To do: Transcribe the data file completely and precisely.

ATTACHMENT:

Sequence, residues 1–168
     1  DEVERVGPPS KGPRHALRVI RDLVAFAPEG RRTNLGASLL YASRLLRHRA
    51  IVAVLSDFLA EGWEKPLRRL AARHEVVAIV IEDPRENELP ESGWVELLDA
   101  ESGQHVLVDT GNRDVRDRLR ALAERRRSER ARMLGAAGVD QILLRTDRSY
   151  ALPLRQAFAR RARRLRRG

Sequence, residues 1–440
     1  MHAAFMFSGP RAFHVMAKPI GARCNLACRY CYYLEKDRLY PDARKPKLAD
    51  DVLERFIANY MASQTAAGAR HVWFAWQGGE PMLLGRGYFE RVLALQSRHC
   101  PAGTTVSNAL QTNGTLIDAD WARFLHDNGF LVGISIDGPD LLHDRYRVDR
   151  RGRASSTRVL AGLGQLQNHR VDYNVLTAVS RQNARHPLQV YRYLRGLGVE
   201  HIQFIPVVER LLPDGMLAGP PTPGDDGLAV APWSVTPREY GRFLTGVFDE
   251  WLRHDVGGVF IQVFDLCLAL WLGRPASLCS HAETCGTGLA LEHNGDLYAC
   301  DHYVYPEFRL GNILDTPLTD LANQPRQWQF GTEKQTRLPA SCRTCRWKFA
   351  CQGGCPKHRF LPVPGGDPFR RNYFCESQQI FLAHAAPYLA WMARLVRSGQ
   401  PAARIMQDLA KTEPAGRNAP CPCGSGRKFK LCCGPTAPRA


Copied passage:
Sequence, residues 1–168
     1  DEVERVGPPS KGPRHALRVI RDLVAFAPEG RRTNLGASLL YASRLLRHRA
    51  IVAVLSDFLA EGWEKPLRRL AARHEVVAIV IEDPRENELP ESGWVELLDA
   101  ESGQHVLVDT GNRDVRDRLR ALAERRRSER ARMLGAAGVD QILLRTDRSY
   151  ALPLRQAFAR RARRLRRG

Sequence, residues 1–440
     1  MHAAFMFSGP RAFHVMAKPI GARCNLACRY CYYLEKDRLY PDARKPKLAD
    51  DVLERFIANY MASQTAAGAR HVWFAWQGGE PMLLGRGYFE RVLALQSRHC
   101  PAGTTVSNAL QTNGTLIDAD WARFLHDNGF LVGISIDGPD LLHDRYRVDR
   151  RGRASSTRVL AGLGQLQNHR VDYNVLTAVS RQNARHPLQV YRYLRGLGVE
   201  HIQFIPVVER LLPDGMLAGP PTPGDDGLAV APWSVTPREY GRFLTGVFDE
   251  WLRHDVGGVF IQVFDLCLAL WLGRPASLCS HAETCGTGLA LEHNGDLYAC
   301  DHYVYPEFRL GNILDTPLTD LANQPRQWQF GTEKQTRLPA SCRTCRWKFA
   351  CQGGCPKHRF LPVPGGDPFR RNYFCESQQI FLAHAAPYLA WMARLVRSGQ
   401  PAARIMQDLA KTEPAGRNAP CPCGSGRKFK LCCGPTAPRA